HOME |  CULT MOVIES | COMPETITIONS | ADVERTISE |  CONTACT US |  ABOUT US
 
 
Newest Reviews
Other Lamb, The
Every Time I Die
Lynn + Lucy
Topsy-Turvy
Honest Thief
Blood and Money
Rose: A Love Story
Antrum: The Deadliest Film Ever Made
Om Dar-B-Dar
Silencing, The
J.R. 'Bob' Dobbs and the Church of SubGenius
Dick Johnson is Dead
Two/One
Cognition
Legacy of Lies
I Am Woman
Alien Addiction
Dare, The
South Terminal
Little Monsters
Yield to the Night
My Zoe
Young Playthings
End of Summer
Times of Harvey Milk, The
Buddies
Threshold
Perfectly Normal Family, A
Ravage
Honeymoon Phase, The
One Summer
Bird Island
Variety
Devil to Pay, The
Gypsy
Lost in London
Divorce Italian Style
Becky
Salon Kitty
Misbehaviour
   
 
Newest Articles
Confessions of a Porn Star: Adult Material on DVD
They're Still Not Sure It is a Baby: Eraserhead on Blu-ray
Werewolves are Real: Dog Soldiers on Digital
Rose: A Love Story - Producers April Kelley and Sara Huxley Interview
Phone Phreak: 976-EVIL on Blu-ray
Living the Nightmare: Dementia on Blu-ray
Becky and The Devil to Pay: Ruckus and Lane Skye Interview
Big Top Bloodbath: Circus of Horrors on Blu-ray
A Knock on the Door at 4 O'clock in the Morning: The Strangers on Blu-ray
Wives of the Skies: Honey Lauren Interview
To Catch a Thief: After the Fox on Blu-ray
Tackling the Football Film: The Arsenal Stadium Mystery on Blu-ray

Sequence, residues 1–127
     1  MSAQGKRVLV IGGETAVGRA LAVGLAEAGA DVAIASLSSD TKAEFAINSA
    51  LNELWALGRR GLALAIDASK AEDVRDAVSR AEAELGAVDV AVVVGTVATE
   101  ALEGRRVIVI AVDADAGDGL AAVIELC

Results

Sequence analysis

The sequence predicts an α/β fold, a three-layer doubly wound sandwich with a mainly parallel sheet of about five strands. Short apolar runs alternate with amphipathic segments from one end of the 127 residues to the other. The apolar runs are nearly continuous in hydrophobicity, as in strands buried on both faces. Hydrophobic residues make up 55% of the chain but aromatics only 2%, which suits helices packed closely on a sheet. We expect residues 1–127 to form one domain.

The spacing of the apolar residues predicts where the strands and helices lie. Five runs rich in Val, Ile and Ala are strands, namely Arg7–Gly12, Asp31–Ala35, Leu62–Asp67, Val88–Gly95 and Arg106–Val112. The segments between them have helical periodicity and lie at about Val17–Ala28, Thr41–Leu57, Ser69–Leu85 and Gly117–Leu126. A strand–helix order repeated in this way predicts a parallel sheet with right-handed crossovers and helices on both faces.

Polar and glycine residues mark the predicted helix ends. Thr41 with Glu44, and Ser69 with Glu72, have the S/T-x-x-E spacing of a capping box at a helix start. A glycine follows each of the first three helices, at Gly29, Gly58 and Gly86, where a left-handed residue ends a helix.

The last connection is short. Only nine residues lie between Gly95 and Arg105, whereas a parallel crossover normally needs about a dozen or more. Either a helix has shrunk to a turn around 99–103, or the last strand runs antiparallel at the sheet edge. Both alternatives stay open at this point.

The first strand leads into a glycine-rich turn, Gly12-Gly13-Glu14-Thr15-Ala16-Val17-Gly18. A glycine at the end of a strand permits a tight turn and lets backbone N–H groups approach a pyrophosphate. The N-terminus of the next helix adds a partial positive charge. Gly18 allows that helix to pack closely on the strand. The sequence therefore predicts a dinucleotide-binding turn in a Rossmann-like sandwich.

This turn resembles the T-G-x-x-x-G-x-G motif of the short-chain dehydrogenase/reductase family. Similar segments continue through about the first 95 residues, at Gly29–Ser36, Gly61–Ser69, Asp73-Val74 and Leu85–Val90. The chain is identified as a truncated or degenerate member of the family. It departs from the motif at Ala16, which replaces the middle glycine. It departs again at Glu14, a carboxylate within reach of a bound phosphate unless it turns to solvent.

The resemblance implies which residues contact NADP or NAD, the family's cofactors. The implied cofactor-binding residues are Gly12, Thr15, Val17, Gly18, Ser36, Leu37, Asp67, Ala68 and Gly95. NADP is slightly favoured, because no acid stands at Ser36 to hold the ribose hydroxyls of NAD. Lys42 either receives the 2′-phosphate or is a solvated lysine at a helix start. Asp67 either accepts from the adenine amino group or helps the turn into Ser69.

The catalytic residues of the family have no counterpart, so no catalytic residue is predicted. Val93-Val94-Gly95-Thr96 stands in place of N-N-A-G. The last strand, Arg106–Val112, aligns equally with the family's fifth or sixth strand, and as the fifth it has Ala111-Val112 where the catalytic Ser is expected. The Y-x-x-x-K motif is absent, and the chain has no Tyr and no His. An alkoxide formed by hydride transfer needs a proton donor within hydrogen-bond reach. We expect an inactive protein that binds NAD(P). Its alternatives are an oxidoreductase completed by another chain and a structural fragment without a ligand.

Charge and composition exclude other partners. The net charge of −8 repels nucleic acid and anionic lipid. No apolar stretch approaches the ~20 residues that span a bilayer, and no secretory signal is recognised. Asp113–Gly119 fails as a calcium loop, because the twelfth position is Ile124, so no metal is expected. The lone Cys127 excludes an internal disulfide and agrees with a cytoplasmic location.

Film Noir's Golden Couple: This Gun for Hire on Blu-ray
The Doctor Who Connection: Invasion on Blu-ray
Hill's Angles: Benny Hill and Who Done It? on Blu-ray
Big Willie Style: Keep It Up Downstairs on Blu-ray
Walt's Vault: 5 Cult Movies on Disney+
Paradise Lost: Walkabout on Blu-ray
Buster Makes Us Feel Good: Buster Keaton - 3 Films (Volume 3) on Blu-ray
Network On Air: Nights In with ABC 3 - Don't Go Away - I Could Do with a Bit of Cheer Now!
What Use is Grief to a Horse? Equus on Blu-ray
For God's Sake Strap Yourselves Down: Flash Gordon on 4K UHD Collector's Edition
Party Hard: Bill & Ted's Excellent Adventure on Blu-ray
Network On Air: Nights In with ABC 2 - Your Faces are All Blurred!
Eve Knew Her Apples: The Lady Eve on Blu-ray
   
 
  Day of Wrath Reign in Spain
Year: 2006
Director: Adrian Rudomin
Stars: Christopher Lambert, Blanca Marsillach, Brian Blessed, Szonja Oroszlán, James Faulkner, Ben O’Brien, Phyllida Law, Lukács Bicskey, Géza Schramek, John Rado, Benjamin Thiel, Joshua Brownwood, Rebeka Kárpáti, Viorel Paunescu
Genre: Drama, Historical, AdventureBuy from Amazon
Rating:  7 (from 1 vote)
Review: Set in fifteenth century Spain, when the nation was at the height of its imperial power and in the grip of the Inquisition, Day of Wrath (not to be confused with the 1943 Carl Dreyer classic) concerns the slaying and mutilation of several noblemen in a provincial town. Downtrodden local sheriff Ruy de Mendoza (Christopher Lambert) attempts to investigate but runs into a wall of silence seemingly orchestrated by Friar Anselmo (James Faulkner), chief inquisitor and part of a mysterious cabal of masked men out to blackmail the new governor, Lord Francisco del Ruiz (Brian Blessed). As the killings and cover-ups grow increasingly widespread, Mendoza probes the past of the first victim, who was married to the woman he first loved: Carmen de Jaramillo (Blanca Marsillach). He discovers the dead nobleman’s ancestral line does not appear on any official genealogical history. But in attempting to uncover a vast conspiracy, Mendoza is entangled in a web of deceit that threatens the lives of his wife (Szonja Oroszlán) and children.